Oil extraction and coal mining can and have caused earthquakes according to new studies. Some geologists think part of the reason New Orleans is sinking is due to oil and gas extraction. Plus: the Geysers in California continues to see many small earthquakes. It is in Napa Valley. There is a direct connection between volcanoes and wines.
Klose has identified more than 200 human-caused temblors, mostly in the past 60 years. "They were rare before World War II," he said.
Most were caused by mining, he said, but nearly one-third came from reservoir construction.
Oil and gas production can also trigger earthquakes, he added.
Klose's presentation drew considerable attention from the assembled geophysicists, who wondered if there were ways to reduce the risk by altering mining practices.
"One way would be to find a way that doesn't reduce the water in the mine," Klose said.
But as far as he knows, mining engineers aren't examining this, because they are currently unaware of the earthquake risk.
The danger is also relevant to proposals to sequester carbon dioxide by injecting it into geologic formations deep underground where the gas cannot escape and contribute to global warming.
"That alters stress in the crust [too]," Klose said, adding that the risk of earthquakes should be taken into account in planning the locations of such facilities.
Basically, he said, "don't put the injection fields close to large cities."
Cities grow where these activities occur. Even if the gas and oil extraction doesn't cause earthquakes, their situation probably does turn inevitable earthquakes into bigger events than otherwise. Just as living things form an ecosystem wherein all parts act on all other parts and changes in one facet reflects upon all other facets, so it is with geology: when we mess around with rocks and soils, it changes the interactions of the rocks and soils with each other.
Humans have been mining for rocks since the last Ice Age. Instead of merely picking up convenient rocks lying around the landscape, we used one of our earliest tools to seek rocks we valued: digging sticks. In Europe, Ice Age diggers used antlers. These small excavations have grown over the eons and today, thanks to modern technology, we have huge machines tearing away at the earth or reaching far below the surface to pump out water, oil and gas. We have little idea what this will cause in the long run and geology is all about very long runs.
It is interesting to me that the garage is the weak point here. All one has to do is triangulate the corners of garages, there is zero reason to make them totally squared-off. Just a 12"x12" triangle of metal that is a plate covering this area would go a long ways to making the building safer. The picture at the top of this page shows one way of doing this. I thought, bolts with '+' shaped slots could hold better if there is great lateral or up and down movement instead of breaking the bolts. In other words, total rigidity may cause the wood to fracture and shatter so it is best for some movement. Wood, after all, comes from trees that take some pretty high winds. I know the oaks I used in my own house, coming off a mountain with very strong winds, has a grain that can take a lot of stress. This is also why trees from wind-swept mountains are good for things like violins, the nature of the inner structure is quite flexible yet strong and rigid at the same time.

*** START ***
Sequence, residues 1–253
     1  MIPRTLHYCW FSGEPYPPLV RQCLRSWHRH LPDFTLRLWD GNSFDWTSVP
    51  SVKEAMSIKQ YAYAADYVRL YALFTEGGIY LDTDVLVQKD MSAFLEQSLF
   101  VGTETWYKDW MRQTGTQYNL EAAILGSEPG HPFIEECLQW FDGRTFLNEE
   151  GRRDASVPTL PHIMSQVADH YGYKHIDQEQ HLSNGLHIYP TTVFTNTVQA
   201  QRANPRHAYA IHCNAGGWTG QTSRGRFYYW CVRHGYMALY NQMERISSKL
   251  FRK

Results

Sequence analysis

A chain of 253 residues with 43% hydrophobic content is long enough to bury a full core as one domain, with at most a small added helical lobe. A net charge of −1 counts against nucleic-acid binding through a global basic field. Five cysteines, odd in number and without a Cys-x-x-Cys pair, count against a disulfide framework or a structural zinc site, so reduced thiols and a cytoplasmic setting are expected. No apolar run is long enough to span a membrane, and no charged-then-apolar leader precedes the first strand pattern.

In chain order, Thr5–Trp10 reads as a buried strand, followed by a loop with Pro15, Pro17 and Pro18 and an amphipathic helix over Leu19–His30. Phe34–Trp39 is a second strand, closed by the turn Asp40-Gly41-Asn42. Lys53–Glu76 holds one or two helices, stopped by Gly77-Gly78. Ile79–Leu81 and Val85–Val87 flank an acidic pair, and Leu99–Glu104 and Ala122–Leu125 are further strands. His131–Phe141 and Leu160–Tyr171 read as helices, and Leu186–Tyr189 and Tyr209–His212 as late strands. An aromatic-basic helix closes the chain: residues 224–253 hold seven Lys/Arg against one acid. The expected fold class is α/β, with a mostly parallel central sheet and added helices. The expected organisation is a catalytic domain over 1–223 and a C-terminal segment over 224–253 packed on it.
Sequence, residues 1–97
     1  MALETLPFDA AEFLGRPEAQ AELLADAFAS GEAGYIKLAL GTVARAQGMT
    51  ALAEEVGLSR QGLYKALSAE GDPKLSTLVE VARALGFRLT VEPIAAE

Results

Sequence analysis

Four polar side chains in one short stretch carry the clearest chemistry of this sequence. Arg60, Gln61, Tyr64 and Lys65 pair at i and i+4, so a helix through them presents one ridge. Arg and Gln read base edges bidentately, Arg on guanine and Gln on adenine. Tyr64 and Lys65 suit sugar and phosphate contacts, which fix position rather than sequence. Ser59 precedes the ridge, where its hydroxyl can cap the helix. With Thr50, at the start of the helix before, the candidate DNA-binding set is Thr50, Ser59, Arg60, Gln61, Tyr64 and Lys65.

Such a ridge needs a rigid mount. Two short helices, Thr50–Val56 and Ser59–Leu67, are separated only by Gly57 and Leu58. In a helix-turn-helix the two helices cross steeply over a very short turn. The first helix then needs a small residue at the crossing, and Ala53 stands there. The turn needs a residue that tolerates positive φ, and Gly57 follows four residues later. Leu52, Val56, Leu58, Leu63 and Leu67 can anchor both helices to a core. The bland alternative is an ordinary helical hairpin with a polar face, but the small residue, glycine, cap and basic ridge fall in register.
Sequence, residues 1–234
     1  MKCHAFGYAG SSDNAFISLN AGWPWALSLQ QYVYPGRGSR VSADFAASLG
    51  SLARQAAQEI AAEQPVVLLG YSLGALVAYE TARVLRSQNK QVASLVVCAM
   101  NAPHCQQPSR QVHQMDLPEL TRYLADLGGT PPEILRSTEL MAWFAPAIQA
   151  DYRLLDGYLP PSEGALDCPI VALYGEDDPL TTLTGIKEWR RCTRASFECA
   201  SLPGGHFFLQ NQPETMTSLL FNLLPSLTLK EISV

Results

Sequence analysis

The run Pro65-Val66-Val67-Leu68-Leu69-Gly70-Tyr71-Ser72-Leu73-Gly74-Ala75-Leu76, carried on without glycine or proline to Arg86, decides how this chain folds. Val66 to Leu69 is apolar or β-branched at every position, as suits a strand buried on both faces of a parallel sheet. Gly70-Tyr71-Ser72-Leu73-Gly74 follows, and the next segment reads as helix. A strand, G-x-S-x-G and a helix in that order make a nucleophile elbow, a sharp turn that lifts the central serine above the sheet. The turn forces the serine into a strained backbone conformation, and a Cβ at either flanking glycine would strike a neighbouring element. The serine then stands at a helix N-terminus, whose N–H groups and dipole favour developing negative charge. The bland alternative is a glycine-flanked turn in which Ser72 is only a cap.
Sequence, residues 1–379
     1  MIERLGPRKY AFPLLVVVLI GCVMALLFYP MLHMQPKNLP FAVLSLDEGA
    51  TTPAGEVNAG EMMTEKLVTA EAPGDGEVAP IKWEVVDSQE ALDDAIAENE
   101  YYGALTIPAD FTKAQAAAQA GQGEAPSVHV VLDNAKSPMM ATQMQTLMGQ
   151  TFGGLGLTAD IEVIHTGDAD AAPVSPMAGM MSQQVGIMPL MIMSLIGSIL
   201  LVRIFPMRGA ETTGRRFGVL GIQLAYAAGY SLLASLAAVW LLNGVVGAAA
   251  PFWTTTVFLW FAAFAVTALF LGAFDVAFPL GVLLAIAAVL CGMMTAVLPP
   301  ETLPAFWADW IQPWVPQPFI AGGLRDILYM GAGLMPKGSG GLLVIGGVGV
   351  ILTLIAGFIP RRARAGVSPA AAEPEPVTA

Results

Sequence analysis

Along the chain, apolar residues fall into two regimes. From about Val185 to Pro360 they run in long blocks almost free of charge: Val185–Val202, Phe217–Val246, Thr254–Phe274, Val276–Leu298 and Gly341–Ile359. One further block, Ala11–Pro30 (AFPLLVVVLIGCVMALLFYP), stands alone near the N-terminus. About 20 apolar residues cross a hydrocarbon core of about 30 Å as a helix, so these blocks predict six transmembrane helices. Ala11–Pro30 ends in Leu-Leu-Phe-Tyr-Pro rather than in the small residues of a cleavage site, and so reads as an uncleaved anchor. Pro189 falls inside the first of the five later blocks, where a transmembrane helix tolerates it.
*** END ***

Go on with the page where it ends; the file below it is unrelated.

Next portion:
NEW ORLEANS (AP) - A new report by scientists studying Louisiana's sinking coast says the land here is not just sinking, it's sliding ever so slowly into the Gulf of Mexico.
The new findings may add a kink to plans being drawn up to build bigger and better levees to protect this historic city and Cajun bayou culture.
If the land is shifting - even slightly - engineers may need to take that into consideration as they build new levees and draw lines across the coast to identify areas that should and shouldn't be protected.
They believe this is due partially to oil and gas extraction. Yes, our pumping of various viscous substances has an effect on the overall stability of the land. Across the West, people are emptying out the massive &hearts Ogallala Aquifer. As the Rocky Mountains rose as our continent was shoved violently westwards, away from Pangaea, a water reservoir developed below the eastern slopes of the mountain range. Thanks to many violent volcanic eruptions from mostly Yellowstone Park, 900 feet of ash covered this area, trapping water below.
Click on image to enlarge.
Here is a map showing roughly the interaction of the aquifer with the Rocky Mountains to the west and the Mississippi to the right and the various major hot-spots as red stars. This map shows clearly that pumping out all the water means changing the dynamics of a huge area. This stretches from mid-Texas all the way up to North Dakota. The water is being pumped out much faster than it is being recharged.